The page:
Federal Information Security:
Agencies Need to Correct Weaknesses and Fully Implement Security Programs
GAO-15-714: Published: Sep 29, 2015. Publicly Released: Sep 29, 2015.
What GAO Found
Persistent weaknesses at 24 federal agencies illustrate the challenges they face in effectively applying information security policies and practices. Most agencies continue to have weaknesses in (1) limiting, preventing, and detecting inappropriate access to computer resources; (2) managing the configuration of software and hardware; (3) segregating duties to ensure that a single individual does not have control over all key aspects of a computer-related operation; (4) planning for continuity of operations in the event of a disaster or disruption; and (5) implementing agency-wide security management programs that are critical to identifying control deficiencies, resolving problems, and managing risks on an ongoing basis (see fig.). These deficiencies place critical information and information systems used to support the operations, assets, and personnel of federal agencies at risk, and can impair agencies' efforts to fully implement effective information security programs. In prior reports, GAO and inspectors general have made hundreds of recommendations to agencies to address deficiencies in their information security controls and weaknesses in their programs, but many of these recommendations remain unimplemented.
Information Security Weaknesses at 24 Federal Agencies in Fiscal Years 2013 and 2014
Federal agencies' implementation in fiscal years 2013 and 2014 of requirements set by the Federal Information Security Management Act of 2002 (FISMA) was mixed. For example, most agencies had developed and documented policies and procedures for managing risk, providing security training, and taking remedial actions, among other things. However, each agency's inspector general reported weaknesses in the processes used to implement FISMA requirements. In addition, to comply with FISMA's annual reporting requirements, the Office of Management and Budget (OMB) and the Department of Homeland Security (DHS) provide guidance to the inspectors general on conducting and reporting agency evaluations. Nevertheless, GAO found that this guidance was not always complete, leading to inconsistent application by the inspectors general. For example, because it did not include criteria for making overall assessments, inspectors general inconsistently reported agency security performance.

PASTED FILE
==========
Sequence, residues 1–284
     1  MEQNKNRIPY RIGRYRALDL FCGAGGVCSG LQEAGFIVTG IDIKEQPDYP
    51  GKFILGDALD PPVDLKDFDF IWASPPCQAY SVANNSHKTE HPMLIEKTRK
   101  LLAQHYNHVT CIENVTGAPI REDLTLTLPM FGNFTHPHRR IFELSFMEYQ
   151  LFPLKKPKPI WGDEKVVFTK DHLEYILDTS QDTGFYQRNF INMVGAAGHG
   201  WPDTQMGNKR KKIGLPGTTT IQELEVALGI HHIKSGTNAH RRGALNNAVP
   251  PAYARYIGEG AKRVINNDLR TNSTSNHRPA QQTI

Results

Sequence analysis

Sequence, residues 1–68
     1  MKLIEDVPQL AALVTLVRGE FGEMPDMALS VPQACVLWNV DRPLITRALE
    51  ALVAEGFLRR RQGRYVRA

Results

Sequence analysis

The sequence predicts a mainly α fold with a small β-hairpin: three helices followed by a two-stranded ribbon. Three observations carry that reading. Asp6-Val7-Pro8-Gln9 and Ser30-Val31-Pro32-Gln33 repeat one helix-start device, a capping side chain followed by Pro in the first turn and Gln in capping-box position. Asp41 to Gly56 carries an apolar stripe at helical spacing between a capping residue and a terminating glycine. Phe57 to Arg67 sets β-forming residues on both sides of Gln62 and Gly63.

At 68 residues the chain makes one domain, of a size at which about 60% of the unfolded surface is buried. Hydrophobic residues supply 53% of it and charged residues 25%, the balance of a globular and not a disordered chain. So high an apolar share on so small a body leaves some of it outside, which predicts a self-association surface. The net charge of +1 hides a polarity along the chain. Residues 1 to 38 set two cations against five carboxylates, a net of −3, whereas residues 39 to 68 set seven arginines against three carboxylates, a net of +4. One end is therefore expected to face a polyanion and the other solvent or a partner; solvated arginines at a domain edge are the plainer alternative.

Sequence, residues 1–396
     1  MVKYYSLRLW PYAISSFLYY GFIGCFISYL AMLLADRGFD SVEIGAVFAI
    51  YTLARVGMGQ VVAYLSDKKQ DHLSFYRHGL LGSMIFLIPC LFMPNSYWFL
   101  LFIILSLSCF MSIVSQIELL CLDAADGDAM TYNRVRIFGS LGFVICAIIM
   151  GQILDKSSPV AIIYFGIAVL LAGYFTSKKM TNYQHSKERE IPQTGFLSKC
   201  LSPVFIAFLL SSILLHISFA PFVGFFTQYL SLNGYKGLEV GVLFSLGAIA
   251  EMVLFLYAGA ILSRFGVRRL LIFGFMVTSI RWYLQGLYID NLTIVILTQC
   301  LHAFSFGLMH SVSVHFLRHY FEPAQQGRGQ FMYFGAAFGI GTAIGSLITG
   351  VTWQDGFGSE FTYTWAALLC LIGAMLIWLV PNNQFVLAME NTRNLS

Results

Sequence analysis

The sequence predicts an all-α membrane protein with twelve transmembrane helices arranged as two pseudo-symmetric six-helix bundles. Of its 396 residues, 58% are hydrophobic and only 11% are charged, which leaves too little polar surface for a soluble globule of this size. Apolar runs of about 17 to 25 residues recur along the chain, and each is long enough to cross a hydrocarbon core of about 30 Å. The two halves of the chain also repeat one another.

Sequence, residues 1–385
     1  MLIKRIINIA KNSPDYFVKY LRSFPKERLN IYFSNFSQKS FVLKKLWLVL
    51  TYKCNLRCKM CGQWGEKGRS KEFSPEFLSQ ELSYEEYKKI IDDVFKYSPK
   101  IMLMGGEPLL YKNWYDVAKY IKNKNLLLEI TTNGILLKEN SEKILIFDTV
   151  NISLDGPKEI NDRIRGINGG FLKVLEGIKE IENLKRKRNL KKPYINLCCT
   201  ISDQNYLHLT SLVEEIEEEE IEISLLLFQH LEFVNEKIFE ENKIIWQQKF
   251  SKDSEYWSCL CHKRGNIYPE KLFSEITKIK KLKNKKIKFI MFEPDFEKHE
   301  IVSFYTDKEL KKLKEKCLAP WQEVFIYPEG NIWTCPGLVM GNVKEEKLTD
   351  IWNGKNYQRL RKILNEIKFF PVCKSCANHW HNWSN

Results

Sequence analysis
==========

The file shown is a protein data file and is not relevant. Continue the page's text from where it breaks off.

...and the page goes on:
Why GAO Did This Study
Since 1997, GAO has designated federal information security as a government-wide high risk area, and in 2003 expanded this area to include computerized systems supporting the nation's critical infrastructure. In February 2015, in its high risk update, GAO further expanded this area to include protecting the privacy of personal information that is collected, maintained, and shared by both federal and nonfederal entities.
FISMA required federal agencies to develop, document, and implement an agency-wide information security program. The act also assigned OMB with overseeing agencies' implementation of security requirements.
FISMA also included a provision for GAO to periodically report to Congress on (1) the adequacy and effectiveness of agencies' information security policies and practices and (2) agencies' implementation of FISMA requirements. GAO analyzed information security-related reports and data from 24 federal agencies, their inspectors general, and OMB; reviewed prior GAO work; examined documents from OMB and DHS; and spoke to agency officials.
What GAO Recommends
GAO is recommending that OMB, in consultation with DHS and others, enhance security program reporting guidance to inspectors general so that the ratings of agency security performance will be consistent and comparable. OMB generally concurred with our recommendation.
For more information, contact Gregory C. Wilshusen at (202) 512-6244 or email@example.com.
Recommendation for Executive Action
Comments: In June 2016, the Office of Management and Budget, the Department of Homeland Security, and the Council of the Inspectors General on Integrity and Efficiency developed the FY2016 IG FISMA Reporting Metrics in consultation with the Federal Chief Information Officer Council. The metrics include five domains to consider in evaluating an agency's information security program and align the domains with the security functions outlined in the Framework for Improving Critical Infrastructure Cybersecurity. In addition, the metrics employ a five-level scale maturity model to evaluate the program. The FY2016 metrics apply the maturity model to the Information Security Continuous Monitoring and Incident Response domains. According the FY2016 metrics document and OMB officials, the model will be expanded to cover the additional security domains in FY2017. Until the maturity model is fully developed to evaluate information security programs across all domains stated in the metrics, the recommendation status will remain open. Once additional evidence is provided, we will perform analysis to update the status of this recommendation.
Recommendation: The Director of the Office of Management and Budget, in consultation with the Secretary of Homeland Security, the Chief Information Officers Council, and the Council of the Inspectors General on Integrity and Efficiency, should enhance reporting guidance to the inspectors general for all rating components of agency security programs, such as configuration management and risk management, so that the ratings will be consistent and comparable.
Agency Affected: Executive Office of the President: Office of Management and Budget